Actually, I don’t feel bad at all about how I’ve spent my time here. I offer these reflections in response to a post by Tenured Radical addressing a reader’s queries about academic conferences in suspiciously beautiful places. I”ve attended a few sessions, participated in one — with TR, Historiann, GayProf, and our fearless moderator, the Woman Formerly Known as Goose — and hit as many parties as time and stamina allowed. I am a firm believer in the value of live, person-to-person contact and in getting out of one’s usual routines and habitat as a way of shaking things up. I doubt seriously I would have had quite the same candid exchange with my own colleague over coffee back in Turtle Country. Further, our session on blogging as public pedagogy was lively and well-attended. It sparked a conversation that continued for many of us for the rest of the conference. I suspect it will continue by several means for a long time to come, and if WFKG has her way it will likely lead to a collection of essays on the session theme. Stay tuned, darlings, because WFKG can be very persuasive.

Yes, I had to do some rearranging of life and work in order to be here, and it does mean I am about to be hurled into Thanksgiving week a little further behind than I’d like to be. Still, the journey and the work have been worthwhile, if only because I finally got to meet GayProf and Historiann in the flesh and discovered that they are as delightful and charming in person as they are on screen. I was taken aback that Historiann did not ride in on a horse and GayProf seems not to have flown in on an invisible plane, but I suppose they might have been a little surprised that I was neither a dead dog nor an actual madwoman. I did bring a laptop, though, so perhaps that took the edge off their disappointment.

Conferences are good, and the work at conferences occurs in a variety of ways and locations.

Which is why, my pretties, if you’re still in San Juan, you may find me bobbing around in the emerald green waters of the Caribbean along about noon today. (Our flight doesn’t leave until this evening.) Stop by for a chat. It might be professionally advantageous to both of us.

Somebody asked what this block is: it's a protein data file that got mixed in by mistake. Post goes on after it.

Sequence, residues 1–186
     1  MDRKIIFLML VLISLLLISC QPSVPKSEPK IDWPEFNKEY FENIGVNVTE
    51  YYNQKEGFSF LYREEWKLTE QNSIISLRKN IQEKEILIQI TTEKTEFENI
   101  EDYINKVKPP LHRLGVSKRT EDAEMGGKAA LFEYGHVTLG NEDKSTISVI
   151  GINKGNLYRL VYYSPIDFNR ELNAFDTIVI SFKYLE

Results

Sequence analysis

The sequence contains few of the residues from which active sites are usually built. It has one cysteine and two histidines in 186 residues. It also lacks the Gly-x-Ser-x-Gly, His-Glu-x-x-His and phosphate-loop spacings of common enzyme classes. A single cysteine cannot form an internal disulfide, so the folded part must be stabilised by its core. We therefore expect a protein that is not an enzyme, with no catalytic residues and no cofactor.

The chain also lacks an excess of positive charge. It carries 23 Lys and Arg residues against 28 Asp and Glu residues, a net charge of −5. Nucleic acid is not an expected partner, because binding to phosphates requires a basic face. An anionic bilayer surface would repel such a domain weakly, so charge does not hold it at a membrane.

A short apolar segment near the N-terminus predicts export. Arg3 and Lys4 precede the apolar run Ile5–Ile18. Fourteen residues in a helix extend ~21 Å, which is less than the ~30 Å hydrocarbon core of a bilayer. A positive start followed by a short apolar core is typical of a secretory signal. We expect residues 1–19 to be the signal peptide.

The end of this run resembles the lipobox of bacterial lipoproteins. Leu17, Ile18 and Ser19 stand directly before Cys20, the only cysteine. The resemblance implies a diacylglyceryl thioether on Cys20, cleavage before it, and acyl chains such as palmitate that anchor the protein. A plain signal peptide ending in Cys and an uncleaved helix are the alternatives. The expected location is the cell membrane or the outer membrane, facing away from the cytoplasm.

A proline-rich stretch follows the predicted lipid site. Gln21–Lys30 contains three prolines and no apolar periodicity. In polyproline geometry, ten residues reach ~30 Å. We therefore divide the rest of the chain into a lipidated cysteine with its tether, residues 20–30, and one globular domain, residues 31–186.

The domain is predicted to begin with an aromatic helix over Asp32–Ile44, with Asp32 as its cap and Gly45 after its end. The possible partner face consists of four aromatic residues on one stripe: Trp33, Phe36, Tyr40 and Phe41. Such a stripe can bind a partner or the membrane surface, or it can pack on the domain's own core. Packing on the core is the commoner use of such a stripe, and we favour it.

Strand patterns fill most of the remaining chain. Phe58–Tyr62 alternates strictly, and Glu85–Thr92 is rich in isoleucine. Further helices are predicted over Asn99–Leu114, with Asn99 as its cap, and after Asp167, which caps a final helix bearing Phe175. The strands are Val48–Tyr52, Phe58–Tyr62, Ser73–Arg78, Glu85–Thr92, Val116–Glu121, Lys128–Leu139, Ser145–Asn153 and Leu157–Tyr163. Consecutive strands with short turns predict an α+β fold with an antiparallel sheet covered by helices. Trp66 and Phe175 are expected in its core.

My Theory Workbook

Or, a Brief Back-to-School Post on Retro Pedagogy

Undine had a useful post last week on tech tools for teachers. I read it, scratched my head over all the cool things I could and should be doing, then sat down to work on my syllabus — and ended up going in the opposite direction.

See that little quip over there in the sidebar about being a non-geek? Right under the pale imitation of an Alison Bechdel caricature? Quip, yes. Exaggeration, no. I blog, I tweet, I have a house and backpack full of Apple devices, but at heart I am a Luddite. And in the classroom, well, when I’m not teaching my blogging class, which I’m not this term, my instincts are strictly nineteenth century. I’ve dabbled in PowerPoint and been forced to make at least limited use of the odious Blackboard, but I’ve never been convinced any of these bells and whistles improved my teaching or, more importantly, my students’ learning. There, I said it.

Oh, boy. Why am I afraid that my good friends over at ProfHacker are never going to link to me again? George, Jason, love ya, dudes! Don’t give up on an old broad yet!

Here’s the thing. I’m teaching a new course this semester, a 400-level course called “Theories of Sexuality and Literature.” I’ve got 25 students, and I’m really, really committed to two important goals: 1. Getting the students to work together and take ownership of the course on a daily basis and 2. helping them overcome their anxieties about THEORY by having them write something about it for pretty much every class meeting. Thus was born the idea of “My Theory Workbook.”

I borrowed the idea from Kate Bornstein’s smart, funny, highly teachable My Gender Workbook, which I have found to be indispensable in helping students navigate the topsy-turviness of postmodern gender without losing their precious little minds. Bornstein is a popularizer, but she writes about complicated ideas in an accessible and often entertaining way without sacrificing all the nuance and complexity. That’s what I’ll be aiming to do in teaching this course, and it’s kind of what I hope my students will reach for, too. The “theory workbook” is a key strategy toward achieving those lofty goals. Here’s how I explained it on the syllabus: